June 25, 2021
Analysis: Doulas May Improve Health Care & Long-term Quality of Life Costs
By: Cara Terreri | 0 Comments
It has been proven that using a doula improves birth outcomes as well as satisfaction with the birth experience. But what about the impact to health care costs, and the cost of long-term quality of life (presence of absence of disease/chronic conditions)?
A new study published in the Journal of Midwifery & Women's Health uses a decision analysis model to determine how the use of a doula can impact costs. The study uses a theoretical population of women in the United States using a doula for their first birth as compared with using no professional labor support.
The study found that when using a doula, in theory, the outcomes were less cesarean births and improved cost-effectiveness (defined as quality-adjusted life years or QALYS). Additionally, the model revealed "202,538 fewer cesarean births, 46 fewer maternal deaths secondary to fewer cesarean births, 99 fewer uterine ruptures, and 26 fewer hysterectomies." Having a doula showed a potential cost savings of up to $884 and a cost effectiveness of up to $1360 per doula.
Studies like this help strengthen the case for getting the cost of a doula reimbursed by health insurance companies. If having a doula present at birth reduces overall costs, health insurance companies may be more willing to cover the small (comparatively) cost of a doula instead of, for example, a cesarean birth. Authors of this study suggest that these cost savings are a conservative estimate, meaning that in real-life scenarios, cost-savings could be significantly higher.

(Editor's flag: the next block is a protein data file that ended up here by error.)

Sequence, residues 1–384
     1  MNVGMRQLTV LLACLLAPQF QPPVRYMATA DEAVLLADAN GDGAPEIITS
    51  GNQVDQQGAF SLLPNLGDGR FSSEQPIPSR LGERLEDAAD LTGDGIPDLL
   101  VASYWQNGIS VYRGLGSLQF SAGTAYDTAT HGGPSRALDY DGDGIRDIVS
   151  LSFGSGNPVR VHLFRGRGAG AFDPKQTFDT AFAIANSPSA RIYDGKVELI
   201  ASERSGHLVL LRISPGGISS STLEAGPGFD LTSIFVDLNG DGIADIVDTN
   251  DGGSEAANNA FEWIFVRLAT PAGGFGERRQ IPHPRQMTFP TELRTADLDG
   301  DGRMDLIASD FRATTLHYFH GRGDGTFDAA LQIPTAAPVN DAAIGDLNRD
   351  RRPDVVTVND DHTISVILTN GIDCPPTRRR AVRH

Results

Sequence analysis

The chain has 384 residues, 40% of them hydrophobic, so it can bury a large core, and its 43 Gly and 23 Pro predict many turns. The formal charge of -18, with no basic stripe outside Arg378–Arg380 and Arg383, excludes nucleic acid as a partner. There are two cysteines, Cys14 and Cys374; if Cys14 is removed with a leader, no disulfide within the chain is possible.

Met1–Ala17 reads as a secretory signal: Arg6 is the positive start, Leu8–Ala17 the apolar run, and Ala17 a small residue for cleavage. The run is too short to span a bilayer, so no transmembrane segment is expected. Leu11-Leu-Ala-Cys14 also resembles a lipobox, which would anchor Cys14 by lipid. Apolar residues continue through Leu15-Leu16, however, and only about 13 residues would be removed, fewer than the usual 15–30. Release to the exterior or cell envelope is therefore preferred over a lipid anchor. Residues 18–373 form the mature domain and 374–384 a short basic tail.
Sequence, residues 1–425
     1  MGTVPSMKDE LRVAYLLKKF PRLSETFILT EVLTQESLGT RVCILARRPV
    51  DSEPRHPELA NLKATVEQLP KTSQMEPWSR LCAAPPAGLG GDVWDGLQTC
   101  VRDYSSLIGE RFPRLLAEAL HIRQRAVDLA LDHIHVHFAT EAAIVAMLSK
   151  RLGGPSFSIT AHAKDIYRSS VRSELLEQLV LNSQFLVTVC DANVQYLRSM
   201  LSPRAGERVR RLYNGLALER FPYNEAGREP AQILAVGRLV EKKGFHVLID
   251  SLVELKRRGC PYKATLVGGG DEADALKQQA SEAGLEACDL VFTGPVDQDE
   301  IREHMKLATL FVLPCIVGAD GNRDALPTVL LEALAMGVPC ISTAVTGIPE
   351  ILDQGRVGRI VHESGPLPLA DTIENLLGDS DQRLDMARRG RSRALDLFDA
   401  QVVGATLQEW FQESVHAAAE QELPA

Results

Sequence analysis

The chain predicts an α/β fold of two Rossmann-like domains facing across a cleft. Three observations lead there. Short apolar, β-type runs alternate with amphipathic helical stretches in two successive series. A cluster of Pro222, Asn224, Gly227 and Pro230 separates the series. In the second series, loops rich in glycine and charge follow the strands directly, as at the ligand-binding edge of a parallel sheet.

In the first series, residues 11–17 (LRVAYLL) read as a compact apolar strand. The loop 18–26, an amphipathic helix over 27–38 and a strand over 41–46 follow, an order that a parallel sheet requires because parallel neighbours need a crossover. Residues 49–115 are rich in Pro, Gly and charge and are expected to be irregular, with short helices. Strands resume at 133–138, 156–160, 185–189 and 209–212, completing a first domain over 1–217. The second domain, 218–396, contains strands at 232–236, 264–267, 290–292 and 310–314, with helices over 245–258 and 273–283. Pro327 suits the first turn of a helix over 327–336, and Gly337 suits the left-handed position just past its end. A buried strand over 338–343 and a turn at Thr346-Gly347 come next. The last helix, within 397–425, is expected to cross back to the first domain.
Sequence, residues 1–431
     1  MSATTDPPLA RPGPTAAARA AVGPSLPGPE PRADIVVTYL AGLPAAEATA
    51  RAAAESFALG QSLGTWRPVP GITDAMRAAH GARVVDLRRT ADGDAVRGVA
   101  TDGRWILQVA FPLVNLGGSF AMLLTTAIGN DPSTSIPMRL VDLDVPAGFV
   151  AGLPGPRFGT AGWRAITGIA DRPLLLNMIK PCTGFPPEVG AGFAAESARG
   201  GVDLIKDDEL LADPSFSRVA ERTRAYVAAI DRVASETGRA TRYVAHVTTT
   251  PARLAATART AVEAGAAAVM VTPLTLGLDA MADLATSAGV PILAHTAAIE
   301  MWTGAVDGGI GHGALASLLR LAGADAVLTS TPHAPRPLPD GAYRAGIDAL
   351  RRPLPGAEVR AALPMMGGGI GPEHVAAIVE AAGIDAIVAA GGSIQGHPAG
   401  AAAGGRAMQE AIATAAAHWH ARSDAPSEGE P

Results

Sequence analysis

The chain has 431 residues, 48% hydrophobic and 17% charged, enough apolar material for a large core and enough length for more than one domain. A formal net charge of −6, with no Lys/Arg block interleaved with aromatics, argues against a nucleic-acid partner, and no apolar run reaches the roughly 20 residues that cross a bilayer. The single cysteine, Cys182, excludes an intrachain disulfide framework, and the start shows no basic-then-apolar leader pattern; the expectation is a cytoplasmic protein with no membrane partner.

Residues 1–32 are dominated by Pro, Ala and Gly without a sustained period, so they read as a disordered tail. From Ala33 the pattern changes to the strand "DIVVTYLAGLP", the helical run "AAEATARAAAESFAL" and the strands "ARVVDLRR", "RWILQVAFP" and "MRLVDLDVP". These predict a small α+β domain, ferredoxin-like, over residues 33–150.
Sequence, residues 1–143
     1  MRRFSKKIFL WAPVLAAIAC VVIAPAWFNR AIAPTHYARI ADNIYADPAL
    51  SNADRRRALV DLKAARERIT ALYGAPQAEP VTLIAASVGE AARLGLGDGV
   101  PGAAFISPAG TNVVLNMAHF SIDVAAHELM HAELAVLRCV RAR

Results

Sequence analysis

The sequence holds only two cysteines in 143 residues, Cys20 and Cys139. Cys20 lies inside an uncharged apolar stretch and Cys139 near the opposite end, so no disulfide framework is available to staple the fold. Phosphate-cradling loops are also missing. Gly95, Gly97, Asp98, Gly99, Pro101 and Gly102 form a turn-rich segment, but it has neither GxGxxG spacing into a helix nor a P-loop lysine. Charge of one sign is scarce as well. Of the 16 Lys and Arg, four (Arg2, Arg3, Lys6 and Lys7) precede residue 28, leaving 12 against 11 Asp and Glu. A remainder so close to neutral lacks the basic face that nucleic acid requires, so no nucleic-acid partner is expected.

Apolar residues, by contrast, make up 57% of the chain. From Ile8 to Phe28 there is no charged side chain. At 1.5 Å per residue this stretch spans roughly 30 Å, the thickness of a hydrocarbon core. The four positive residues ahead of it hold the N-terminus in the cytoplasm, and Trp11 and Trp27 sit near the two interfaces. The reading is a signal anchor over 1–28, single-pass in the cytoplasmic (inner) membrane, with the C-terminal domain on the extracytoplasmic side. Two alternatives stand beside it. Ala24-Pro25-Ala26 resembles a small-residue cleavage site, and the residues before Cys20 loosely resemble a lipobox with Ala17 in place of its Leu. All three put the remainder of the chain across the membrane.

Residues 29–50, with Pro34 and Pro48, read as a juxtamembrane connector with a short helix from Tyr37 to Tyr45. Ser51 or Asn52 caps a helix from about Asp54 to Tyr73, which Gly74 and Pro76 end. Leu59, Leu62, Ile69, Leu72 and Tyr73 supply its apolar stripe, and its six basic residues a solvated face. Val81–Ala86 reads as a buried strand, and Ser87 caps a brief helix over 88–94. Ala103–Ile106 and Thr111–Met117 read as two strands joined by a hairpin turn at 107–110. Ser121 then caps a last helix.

While the results of this study may not help you get your doula covered in the immediate future, it's important to know about the conversations and efforts going on to make doula coverage standard. Some parents have reported successful attempts to get the cost of their doula covered when writing appeal letters that show evidence of how their doula helped them avoid certain procedures. Knowing the kinds of costs and long-term complications that can be reduced by having a doula may also help inform your decision on whether or not to hire a doula for your birth.
In the absence of health care insurance coverage for a doula, there are other ways to help cover the cost of a doula if you're having difficulty affording a doula:
- Put the doula fee on your baby registry
- Pay with your HSA/FSA account
- Ask if your doula has a payment plan and/or sliding scale based on income
- Save early - applicable if you're early in your trying to conceive, or planning on becoming pregnant in the near future
- Hold a garage sale or list clothing/household goods on platforms like Marketplace, eBay, Poshmark, etc.